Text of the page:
We were interested in heavy bullets and also adding a second cylinder in .45 Colt. On some of the "conversions"  I used two crane/cylinder assemblies  (just swap out the entire Crane/Cylinder assembly), on others kept it to one crane assembly, just cylinders/Extractor Rods, gas rings, spacers for the extractor rods.  But they all needed a new extractor/ratchet (they have to be modified) to set the recoil shield length for the .45 Colt, usually a  modified a .44 spl 1950 (no counter bored chambers), you can also use a Mod 27 or 28 Extractor because the counter bore goes away as you open it up to accept the larger diameter cartridge (you can't use Mod 24 or Mod 29 because of the counter bores), new gas rings, move the barrel back, re-cut the clocking pin slot, a spacer for the extractor rod.  A lot of work, now you can just buy a model 25 in .45 Colt.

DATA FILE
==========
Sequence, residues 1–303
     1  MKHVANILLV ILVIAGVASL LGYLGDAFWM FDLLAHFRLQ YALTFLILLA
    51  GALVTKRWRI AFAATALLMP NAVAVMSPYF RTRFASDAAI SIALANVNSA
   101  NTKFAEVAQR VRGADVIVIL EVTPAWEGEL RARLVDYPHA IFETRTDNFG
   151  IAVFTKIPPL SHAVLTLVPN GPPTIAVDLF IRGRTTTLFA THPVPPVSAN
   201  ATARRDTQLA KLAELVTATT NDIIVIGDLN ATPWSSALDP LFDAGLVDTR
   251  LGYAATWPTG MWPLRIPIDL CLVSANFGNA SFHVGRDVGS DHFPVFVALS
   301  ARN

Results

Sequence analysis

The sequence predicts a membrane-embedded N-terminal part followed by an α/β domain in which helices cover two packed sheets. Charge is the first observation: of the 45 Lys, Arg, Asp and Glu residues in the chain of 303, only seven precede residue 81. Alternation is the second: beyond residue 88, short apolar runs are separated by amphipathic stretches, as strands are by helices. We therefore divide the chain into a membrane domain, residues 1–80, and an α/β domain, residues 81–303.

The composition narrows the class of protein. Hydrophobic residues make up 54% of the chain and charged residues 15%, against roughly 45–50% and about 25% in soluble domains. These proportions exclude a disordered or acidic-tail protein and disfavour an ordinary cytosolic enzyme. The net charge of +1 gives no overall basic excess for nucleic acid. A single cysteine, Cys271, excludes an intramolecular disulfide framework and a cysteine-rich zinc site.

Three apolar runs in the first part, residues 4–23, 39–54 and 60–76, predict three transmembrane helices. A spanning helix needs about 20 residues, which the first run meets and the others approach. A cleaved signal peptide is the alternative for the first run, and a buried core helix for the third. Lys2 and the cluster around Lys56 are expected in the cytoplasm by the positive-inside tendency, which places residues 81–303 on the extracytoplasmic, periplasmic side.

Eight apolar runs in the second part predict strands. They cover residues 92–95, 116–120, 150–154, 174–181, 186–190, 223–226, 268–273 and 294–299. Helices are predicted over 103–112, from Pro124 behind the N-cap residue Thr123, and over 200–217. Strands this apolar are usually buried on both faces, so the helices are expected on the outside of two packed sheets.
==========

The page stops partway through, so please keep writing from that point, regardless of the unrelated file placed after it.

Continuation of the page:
To answer your question about early model dimensions, I have never had a 1st Model (or an early 2nd model I was aware of) available to measure, so I don’t know what the early barrels measured.  The guys who were the hardcore 1917 nuts were the ones who told me about some of the early 1917s having the Webley bore dimensions. I don't normally trust someone just telling me but they are hardcore 1917 nuts.  I also know Pete has at least one Commercial Model 1917, I know the one I examined had a better finish and not marked as gov’t property.  Pete has some expensive toys.